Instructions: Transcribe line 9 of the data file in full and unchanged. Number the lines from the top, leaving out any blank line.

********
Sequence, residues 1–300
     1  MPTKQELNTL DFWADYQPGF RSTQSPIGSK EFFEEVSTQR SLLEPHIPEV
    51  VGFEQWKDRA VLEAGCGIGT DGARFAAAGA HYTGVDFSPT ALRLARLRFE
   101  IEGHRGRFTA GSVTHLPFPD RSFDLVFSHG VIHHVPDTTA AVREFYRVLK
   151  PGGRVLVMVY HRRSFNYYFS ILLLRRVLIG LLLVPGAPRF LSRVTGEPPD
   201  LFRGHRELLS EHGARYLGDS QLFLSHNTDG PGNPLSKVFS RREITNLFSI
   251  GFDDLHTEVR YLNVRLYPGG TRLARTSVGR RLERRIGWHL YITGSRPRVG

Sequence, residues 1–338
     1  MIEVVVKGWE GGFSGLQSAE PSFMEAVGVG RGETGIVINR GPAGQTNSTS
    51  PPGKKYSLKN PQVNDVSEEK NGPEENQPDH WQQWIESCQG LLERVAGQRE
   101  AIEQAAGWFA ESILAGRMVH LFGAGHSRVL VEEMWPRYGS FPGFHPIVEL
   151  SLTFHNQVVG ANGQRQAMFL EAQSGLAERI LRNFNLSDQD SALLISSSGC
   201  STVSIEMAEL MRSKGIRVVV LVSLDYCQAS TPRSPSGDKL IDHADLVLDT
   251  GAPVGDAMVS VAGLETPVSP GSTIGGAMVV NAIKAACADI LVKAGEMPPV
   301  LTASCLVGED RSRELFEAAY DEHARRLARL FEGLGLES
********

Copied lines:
     1  MIEVVVKGWE GGFSGLQSAE PSFMEAVGVG RGETGIVINR GPAGQTNSTS